Happy World Snake Day!

by Greg Mayer

Jerry noted this morning that it’s World Snake Day, but I thought I’d add to the festivities by sharing a couple of photos of my Ball Python (Python regius), Vivian.

Vivian, a Ball Python, Python regius, 16 July 2020.

I lifted Vivian’s hide box to take the photo, and she was mildly perturbed, so she defensively hid her head in her coils.

Vivian, a Ball Python, Python regius, hiding her head, 16 July 2020. Note the tiny  hind leg (“spur”) visible at the base of her tail.

The Department of Defense Partners in Amphibian and Reptile Conservation has sent out a great set of links for World Snake Day, put together by my friend and colleague Rob Lovich. There’s loads of stuff in these links– look around. I’ve brought to the top of the list a shutterfly album of a great diversity of snakes. If you don’t have time for more, open up that album click on the slideshow, and enjoy! (It works best if you have dual monitors, one to work one, and one for snake pix.)

Here’s the album: Shutterfly Snake Pictures (over 800 pictures). From DoD Parc:

Tomorrow [i.e. today] (July 16th) is World Snake Day! In celebration of this event and the important ecological value snakes play in the ecosystems of military lands, we would like to highlight some snake-focused DoD Partners in Amphibian and Reptile Conservation (DoD PARC) products below.

We hope you enjoy learning about snakes through the various DoD PARC products below.

Snake Pictures, ID cards and Podcast:

YouTube Videos

Posters

Fact Sheets

Reports

Snake Guides

DOD PARC Logo

The Timber Rattlesnake (Crotalus horridus) was chosen on our logo to reflect the long-standing relationship DoD and the Military Services have with protecting both our nation and its resources, including snakes. Ultimately, the use of this species is meant to represent how DoD protects the natural resources with which it has been entrusted, and how those resources in turn provide for and protect the military’s ability to prepare for its war-fighting and peace-keeping duties.

If you’re wondering why the military has a unit devoted to amphibians and reptiles, the military must follow environmental and conservation laws (unless specifically exempted); there are practical issues for the military involving venomous reptiles; and recall that Darwin traveled around the world largely by courtesy of the Royal Navy. The U.S. Navy published, with the assistance of the American Society of Ichthyologists and Herpetologists, the classic Poisonous Snakes of the World:

If you want to learn more about snakes, I recommend, as I have before, Harry Greene‘s Snakes: the Evolution of Mystery in Nature as a good, well-illustrated, introduction to their natural history and diversity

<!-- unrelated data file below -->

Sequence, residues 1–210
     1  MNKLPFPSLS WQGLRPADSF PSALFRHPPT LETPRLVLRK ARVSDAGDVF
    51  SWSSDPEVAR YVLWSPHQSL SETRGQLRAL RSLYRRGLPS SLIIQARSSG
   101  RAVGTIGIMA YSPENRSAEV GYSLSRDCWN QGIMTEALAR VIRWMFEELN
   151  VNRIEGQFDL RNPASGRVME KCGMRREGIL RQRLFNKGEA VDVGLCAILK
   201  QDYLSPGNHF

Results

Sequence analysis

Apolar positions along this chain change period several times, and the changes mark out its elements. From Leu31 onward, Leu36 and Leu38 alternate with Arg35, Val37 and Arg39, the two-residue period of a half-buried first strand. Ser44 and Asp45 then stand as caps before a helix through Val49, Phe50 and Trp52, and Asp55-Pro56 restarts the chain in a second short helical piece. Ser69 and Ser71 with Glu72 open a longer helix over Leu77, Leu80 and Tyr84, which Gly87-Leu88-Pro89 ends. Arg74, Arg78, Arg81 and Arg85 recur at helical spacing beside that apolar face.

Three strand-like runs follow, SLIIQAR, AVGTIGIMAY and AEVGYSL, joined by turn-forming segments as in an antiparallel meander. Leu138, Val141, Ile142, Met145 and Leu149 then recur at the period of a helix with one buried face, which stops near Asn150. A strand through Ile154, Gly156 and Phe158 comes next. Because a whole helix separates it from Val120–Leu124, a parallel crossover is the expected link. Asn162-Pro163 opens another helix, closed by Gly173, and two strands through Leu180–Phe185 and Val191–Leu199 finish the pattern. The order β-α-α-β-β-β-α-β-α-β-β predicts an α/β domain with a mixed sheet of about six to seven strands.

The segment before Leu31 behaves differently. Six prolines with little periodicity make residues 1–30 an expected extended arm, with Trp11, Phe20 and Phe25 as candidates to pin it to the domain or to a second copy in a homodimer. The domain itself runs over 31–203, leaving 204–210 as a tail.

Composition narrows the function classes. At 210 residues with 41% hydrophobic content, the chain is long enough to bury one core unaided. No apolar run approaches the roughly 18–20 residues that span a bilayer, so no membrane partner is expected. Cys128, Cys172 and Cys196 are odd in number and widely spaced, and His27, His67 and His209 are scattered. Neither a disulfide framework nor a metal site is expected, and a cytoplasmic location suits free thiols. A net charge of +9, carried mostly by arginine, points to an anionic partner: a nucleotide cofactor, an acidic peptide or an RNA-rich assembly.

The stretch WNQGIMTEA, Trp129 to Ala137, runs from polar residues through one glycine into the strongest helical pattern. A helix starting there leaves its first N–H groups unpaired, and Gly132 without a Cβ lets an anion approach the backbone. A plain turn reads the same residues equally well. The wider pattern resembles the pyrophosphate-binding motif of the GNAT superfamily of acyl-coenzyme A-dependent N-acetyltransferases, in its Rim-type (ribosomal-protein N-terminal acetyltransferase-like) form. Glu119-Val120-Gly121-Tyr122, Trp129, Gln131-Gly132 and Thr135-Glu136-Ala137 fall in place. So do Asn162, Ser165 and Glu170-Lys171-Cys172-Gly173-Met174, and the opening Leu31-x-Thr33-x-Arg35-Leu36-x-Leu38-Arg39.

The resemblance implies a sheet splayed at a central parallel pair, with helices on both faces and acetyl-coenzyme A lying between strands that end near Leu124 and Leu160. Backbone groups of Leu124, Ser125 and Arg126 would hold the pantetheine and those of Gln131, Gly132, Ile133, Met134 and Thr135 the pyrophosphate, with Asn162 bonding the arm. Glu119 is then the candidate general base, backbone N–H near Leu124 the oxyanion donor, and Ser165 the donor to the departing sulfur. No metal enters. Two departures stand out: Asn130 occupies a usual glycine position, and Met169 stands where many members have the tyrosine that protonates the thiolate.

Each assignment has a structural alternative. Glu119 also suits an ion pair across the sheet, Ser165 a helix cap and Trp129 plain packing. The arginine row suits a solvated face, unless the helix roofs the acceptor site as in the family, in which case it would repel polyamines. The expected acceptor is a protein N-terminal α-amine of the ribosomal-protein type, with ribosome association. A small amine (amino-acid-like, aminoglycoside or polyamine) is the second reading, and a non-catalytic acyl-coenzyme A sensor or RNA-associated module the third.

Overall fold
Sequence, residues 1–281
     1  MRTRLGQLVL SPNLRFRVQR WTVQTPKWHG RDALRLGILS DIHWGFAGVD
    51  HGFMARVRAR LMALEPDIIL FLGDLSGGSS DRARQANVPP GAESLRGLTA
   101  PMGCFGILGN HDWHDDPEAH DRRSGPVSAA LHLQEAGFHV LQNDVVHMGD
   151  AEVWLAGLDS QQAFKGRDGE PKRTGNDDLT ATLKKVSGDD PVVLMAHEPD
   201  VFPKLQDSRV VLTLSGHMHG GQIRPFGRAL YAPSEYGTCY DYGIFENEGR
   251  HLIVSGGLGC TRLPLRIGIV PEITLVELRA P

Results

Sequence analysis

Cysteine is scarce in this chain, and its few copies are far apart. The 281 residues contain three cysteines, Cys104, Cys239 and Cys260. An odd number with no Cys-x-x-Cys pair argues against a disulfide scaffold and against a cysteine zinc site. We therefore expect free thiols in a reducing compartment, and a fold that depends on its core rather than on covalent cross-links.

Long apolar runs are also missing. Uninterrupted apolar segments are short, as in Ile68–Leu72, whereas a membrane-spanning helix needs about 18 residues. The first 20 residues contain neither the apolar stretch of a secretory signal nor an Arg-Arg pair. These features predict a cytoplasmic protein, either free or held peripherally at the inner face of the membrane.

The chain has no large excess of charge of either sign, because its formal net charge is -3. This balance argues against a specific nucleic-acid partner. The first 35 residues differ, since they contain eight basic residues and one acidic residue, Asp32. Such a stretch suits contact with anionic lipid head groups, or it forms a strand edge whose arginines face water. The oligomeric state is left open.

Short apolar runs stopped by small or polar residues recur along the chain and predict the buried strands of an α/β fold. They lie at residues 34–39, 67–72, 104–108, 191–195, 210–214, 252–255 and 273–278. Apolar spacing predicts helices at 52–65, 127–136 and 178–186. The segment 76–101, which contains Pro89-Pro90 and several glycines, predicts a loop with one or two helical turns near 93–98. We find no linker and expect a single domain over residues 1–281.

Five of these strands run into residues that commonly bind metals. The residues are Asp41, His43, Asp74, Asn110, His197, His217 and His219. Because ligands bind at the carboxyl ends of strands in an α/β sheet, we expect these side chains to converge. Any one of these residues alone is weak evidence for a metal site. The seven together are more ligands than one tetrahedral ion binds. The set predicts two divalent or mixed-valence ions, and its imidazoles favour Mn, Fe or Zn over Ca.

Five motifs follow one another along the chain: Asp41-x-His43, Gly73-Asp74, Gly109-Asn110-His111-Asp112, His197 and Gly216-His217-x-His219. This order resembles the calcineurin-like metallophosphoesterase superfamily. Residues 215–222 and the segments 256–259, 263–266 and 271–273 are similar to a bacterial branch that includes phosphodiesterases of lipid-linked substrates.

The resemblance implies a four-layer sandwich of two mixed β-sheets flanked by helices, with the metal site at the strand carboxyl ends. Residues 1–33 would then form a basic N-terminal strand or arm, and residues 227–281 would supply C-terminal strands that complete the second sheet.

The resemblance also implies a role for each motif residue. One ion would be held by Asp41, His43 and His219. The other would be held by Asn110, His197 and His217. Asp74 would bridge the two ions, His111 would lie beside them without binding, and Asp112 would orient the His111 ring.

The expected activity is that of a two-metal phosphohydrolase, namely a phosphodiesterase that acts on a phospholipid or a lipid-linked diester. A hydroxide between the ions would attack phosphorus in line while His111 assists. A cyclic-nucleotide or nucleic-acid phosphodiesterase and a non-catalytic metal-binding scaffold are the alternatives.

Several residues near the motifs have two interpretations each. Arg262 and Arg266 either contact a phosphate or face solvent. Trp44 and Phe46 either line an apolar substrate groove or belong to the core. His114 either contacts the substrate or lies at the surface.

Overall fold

Greene, H.W. 1997. Snakes: The Evolution of Mystery in Nature. University of California Press, Berkeley.

Minton, S.A., H.G. Dowling & F.E. Russell. 1965. Poisonous Snakes of the World: A Manual for Use by U.S. Amphibious Forces. NAVMED P-5099. Bureau of Medicine and Surgery, Department of the Navy, Washington, D.C.

h/t: Caroline

17 Comments

  1. ThyroidPlanet
    Posted July 16, 2020 at 1:20 pm | Permalink

    Interesting!

  2. Glenda Palmer
    Posted July 16, 2020 at 1:45 pm | Permalink

    Vivian is beautiful. A shame snakes started getting such undeserved bad press a few thousand years ago.

    Ever since I had two little boys I have been an admirer of snakes. Of course as you learn, respect and admire – you lose fear. The boys grew up to be protective of all animals even though they have never owned anything other than cats.

  3. Laurance
    Posted July 16, 2020 at 1:49 pm | Permalink

    HOORAY!!! HOORAY!! (I love snakes.)

    Somehow it had slipped my mind that there is a World Snake Day. I forgot to put it on my calendar.

    And how lovely to see someone’s pretty Ball Python. I have two Ball Pythons myself. Julius Squeezer is my girl. She’s 27. My guy is Stimpy (and I didn’t give him that name).

    Now, you thought rabbits laid Easter eggs, didn’t you…

    Wrong! It’s the Easter Snake! Back in 2000 I came downstairs on Saturday morning and found that Julius had laid five eggs, just in time for Easter the next day.

    • Paul Matthews
      Posted July 16, 2020 at 2:14 pm | Permalink

      Julius Squeezer is a girl?

      • Laurance
        Posted July 16, 2020 at 6:04 pm | Permalink

        Yes, Julius Squeezer is a beautiful girl. No point in telling a long story, but I first met her when she was a little wiggle-worm living in Stimpy’s vivarium. I was enchanted with that tiny exquisite snake.

        She’d been dumped by the idiot who bought her from a pet store and then didn’t know what to do, so he dumped her on Stimpy’s owner. He said he’d come back and get the snake, but…